The sold-out Centodieci, unveiled during California's Monterey Car Week, reaffirmed Bugatti’s commitment to modern coachbuilding. It was created for collectors, not by them, and the car maker won’t deviate from this approach. Pierre Rommelfanger, Bugatti’s head of one-off and few-off projects, told Autocar why.
Rommelfanger and his team travel to car-related events around the world to meet Bugatti’s most important customers and listen to their feedback. These conversations often provide the company with inspiration, but Rommelfanger stressed that his team ultimately decides what to build. He wants to ensure each one-off or few-off project fits squarely into Bugatti’s strategy.
He ruled out taking requests from clients. So even the wealthiest collector can’t travel to Molsheim with a suitcase full of money and drive home in the four-door, Dakar-ready Chiron Sport of his or her dreams. Achim Anscheidt, Bugatti’s head designer, echoed Rommelfanger’s comments.
“Of course, as a designer, I could get my head easily around saying yes to [customer requests]. As an overall company structure, I think that could be something difficult for Bugatti just to make that work. Just putting one prototype-ish car together and then giving it to the people would be way too irresponsible,” he told us. “So that sounds exotic and flamboyant, but it’s actually, in reality, easier said than done.”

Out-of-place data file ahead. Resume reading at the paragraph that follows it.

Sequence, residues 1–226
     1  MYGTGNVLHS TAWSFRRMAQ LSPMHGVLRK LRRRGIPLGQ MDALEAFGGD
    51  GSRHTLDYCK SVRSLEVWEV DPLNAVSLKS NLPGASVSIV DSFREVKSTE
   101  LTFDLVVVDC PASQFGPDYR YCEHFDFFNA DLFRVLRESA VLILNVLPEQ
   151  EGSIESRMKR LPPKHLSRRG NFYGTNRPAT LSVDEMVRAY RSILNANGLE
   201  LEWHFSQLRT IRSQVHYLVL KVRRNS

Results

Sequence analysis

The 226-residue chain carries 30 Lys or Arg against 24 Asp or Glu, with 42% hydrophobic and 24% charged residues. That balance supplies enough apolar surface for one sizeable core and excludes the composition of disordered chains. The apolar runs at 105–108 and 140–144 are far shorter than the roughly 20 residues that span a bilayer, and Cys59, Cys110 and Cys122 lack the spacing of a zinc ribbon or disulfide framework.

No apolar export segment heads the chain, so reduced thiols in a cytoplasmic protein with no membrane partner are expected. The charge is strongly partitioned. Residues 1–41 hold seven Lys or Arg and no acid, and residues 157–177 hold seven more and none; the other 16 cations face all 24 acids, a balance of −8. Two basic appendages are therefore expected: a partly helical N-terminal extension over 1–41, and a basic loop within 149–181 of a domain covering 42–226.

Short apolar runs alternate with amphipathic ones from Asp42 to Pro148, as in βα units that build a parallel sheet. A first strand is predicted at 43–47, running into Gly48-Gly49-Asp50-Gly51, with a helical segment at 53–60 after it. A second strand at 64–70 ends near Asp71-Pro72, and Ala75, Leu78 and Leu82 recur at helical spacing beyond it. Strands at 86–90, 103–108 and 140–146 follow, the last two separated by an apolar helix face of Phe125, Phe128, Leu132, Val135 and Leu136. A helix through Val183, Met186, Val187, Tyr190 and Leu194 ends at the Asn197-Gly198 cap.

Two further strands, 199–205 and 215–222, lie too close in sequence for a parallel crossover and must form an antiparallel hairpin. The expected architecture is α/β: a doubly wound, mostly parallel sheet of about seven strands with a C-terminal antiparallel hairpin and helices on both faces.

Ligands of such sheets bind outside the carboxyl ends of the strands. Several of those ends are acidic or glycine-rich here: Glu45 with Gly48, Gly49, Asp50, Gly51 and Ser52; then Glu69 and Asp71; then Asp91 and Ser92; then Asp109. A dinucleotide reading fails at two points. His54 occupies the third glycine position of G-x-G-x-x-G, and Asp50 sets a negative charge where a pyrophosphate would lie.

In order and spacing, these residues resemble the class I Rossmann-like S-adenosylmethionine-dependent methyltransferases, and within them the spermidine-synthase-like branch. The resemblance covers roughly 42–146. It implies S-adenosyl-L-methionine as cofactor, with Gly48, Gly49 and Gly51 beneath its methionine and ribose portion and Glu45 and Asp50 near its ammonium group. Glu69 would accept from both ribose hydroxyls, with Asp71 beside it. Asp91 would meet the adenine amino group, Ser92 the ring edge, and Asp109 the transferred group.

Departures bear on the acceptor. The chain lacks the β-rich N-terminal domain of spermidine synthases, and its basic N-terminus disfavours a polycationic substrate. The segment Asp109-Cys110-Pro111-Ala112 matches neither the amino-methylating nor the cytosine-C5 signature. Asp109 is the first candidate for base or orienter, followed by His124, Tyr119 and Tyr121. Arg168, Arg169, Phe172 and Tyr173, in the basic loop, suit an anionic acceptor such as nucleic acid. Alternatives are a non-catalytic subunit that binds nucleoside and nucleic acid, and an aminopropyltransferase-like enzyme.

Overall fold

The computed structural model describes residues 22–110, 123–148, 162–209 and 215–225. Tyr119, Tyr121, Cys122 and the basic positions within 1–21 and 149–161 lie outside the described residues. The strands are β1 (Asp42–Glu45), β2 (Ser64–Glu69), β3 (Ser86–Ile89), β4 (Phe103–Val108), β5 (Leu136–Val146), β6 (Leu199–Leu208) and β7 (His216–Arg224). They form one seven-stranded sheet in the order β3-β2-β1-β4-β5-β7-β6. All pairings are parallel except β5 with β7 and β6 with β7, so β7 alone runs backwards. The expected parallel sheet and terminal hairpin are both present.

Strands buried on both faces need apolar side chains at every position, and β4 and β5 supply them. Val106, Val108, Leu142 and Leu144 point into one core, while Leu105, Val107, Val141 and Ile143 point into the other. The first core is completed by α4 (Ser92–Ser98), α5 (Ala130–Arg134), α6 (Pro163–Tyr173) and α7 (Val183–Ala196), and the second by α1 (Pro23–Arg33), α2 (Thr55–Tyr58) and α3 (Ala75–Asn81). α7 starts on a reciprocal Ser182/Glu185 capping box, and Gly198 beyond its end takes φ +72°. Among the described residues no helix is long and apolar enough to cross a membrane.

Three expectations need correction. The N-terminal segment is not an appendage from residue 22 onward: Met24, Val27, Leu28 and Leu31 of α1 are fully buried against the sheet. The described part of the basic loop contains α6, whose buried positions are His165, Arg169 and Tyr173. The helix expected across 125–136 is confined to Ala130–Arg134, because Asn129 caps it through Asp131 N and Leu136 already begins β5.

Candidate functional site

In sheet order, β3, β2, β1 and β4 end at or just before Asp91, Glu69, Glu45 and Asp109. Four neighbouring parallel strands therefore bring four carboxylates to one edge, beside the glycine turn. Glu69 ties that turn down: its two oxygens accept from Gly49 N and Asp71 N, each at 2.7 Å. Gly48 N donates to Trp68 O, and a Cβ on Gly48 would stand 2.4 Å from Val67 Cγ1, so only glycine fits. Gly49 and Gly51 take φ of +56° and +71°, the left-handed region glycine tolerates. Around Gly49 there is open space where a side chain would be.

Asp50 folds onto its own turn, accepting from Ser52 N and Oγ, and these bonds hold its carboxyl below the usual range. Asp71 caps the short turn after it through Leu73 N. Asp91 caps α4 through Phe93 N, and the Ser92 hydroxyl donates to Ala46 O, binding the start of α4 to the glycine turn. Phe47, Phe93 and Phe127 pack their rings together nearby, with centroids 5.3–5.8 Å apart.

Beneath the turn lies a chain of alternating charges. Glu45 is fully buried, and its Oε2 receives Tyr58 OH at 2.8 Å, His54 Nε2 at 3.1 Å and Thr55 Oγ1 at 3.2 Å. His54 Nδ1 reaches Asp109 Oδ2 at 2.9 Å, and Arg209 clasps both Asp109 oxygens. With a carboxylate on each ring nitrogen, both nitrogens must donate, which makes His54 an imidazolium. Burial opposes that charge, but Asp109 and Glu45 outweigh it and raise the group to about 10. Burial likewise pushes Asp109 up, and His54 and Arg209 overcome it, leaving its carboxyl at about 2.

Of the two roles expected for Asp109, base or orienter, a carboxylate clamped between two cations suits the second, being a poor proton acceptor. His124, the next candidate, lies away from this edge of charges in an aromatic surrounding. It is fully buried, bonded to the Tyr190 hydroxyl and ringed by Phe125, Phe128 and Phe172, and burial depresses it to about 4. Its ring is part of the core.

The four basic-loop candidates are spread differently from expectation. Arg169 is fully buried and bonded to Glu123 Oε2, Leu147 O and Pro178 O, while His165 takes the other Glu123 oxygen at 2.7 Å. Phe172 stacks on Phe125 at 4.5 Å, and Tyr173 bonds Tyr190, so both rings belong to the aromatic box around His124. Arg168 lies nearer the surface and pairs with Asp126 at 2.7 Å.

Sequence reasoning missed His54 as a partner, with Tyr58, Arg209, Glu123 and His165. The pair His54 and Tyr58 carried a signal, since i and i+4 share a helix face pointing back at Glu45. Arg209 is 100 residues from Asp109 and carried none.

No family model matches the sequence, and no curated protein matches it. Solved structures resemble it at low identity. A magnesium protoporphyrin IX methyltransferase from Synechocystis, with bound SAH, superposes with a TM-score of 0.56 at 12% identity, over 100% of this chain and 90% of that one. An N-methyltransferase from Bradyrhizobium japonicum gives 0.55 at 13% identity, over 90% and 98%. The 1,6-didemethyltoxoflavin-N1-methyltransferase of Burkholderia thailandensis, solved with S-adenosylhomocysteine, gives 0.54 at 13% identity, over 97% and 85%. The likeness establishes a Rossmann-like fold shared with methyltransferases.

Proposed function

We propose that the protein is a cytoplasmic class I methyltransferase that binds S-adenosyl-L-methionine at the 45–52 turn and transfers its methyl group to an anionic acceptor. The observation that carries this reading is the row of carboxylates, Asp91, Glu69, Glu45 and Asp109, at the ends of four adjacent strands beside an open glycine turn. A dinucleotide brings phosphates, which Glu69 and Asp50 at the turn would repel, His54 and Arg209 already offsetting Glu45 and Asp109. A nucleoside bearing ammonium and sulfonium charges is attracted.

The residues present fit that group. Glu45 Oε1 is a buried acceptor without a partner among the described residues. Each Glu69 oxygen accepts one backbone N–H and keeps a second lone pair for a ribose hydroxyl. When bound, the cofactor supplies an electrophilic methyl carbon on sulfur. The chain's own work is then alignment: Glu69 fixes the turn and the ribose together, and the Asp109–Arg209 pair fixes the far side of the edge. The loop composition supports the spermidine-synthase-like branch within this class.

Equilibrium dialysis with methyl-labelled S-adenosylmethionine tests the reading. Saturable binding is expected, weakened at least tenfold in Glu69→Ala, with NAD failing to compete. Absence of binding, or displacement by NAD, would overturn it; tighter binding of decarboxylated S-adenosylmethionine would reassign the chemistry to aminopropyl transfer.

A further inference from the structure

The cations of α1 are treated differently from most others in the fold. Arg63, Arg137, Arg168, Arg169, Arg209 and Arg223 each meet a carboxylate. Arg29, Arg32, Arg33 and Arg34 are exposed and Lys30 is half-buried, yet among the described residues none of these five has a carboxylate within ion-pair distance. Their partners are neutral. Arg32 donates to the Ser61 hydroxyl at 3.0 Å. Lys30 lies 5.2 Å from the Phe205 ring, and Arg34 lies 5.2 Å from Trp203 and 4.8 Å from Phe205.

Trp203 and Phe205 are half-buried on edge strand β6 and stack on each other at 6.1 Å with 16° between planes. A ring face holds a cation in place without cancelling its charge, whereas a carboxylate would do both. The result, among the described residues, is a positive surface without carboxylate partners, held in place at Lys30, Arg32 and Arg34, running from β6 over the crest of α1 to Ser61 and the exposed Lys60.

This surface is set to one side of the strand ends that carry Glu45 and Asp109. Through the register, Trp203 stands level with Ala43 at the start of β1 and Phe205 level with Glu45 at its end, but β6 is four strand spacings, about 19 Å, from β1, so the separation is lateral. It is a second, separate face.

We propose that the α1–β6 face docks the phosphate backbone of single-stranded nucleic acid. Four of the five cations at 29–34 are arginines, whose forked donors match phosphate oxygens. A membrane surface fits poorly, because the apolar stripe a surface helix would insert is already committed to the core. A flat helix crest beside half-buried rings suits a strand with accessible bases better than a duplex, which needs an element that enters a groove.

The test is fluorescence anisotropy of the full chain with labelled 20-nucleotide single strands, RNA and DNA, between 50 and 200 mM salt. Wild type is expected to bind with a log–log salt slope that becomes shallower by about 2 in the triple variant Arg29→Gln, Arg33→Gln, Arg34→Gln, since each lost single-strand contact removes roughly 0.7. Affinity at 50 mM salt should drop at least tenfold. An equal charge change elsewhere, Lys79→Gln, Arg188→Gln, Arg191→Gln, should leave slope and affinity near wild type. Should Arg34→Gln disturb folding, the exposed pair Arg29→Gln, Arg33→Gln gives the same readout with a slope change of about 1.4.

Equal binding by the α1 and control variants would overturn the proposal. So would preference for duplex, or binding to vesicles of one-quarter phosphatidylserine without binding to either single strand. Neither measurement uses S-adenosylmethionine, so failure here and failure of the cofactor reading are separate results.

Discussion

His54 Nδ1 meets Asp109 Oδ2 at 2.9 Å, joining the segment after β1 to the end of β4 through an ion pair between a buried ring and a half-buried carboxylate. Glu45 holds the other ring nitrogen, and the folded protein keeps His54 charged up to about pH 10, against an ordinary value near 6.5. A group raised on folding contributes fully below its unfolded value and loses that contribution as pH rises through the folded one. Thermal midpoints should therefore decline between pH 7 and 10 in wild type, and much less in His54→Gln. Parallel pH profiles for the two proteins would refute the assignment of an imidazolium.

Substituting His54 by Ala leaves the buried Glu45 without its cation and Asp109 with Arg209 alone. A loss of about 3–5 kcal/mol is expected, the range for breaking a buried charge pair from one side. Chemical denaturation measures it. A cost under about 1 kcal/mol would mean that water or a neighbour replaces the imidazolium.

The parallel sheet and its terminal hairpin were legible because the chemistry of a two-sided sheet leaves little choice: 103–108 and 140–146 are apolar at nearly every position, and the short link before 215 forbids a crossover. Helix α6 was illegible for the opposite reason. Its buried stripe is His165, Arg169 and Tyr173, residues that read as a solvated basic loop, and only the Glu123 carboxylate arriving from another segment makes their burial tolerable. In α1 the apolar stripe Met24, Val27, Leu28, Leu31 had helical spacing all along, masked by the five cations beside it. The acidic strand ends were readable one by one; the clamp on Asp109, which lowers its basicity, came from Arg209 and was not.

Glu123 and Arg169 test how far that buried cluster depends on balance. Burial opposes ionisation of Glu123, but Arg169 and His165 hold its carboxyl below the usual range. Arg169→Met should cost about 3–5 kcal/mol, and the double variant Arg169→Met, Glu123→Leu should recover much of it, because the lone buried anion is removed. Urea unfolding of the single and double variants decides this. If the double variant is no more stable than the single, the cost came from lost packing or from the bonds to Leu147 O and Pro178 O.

Bugatti claims it has no trouble putting the one-off and few-off cars it designs in private collections. Its customers are loyal. They buy a car without first driving it, knowing they’ll have to wait at least two years for delivery, and they fully trust that the brand will exceed their expectations.
Demand eclipses supply so the company routinely turns buyers away. Rommelfanger revealed there is a line of collectors ready to buy a Divo in case one of the 40 original reservation holders cancels an order for any reason.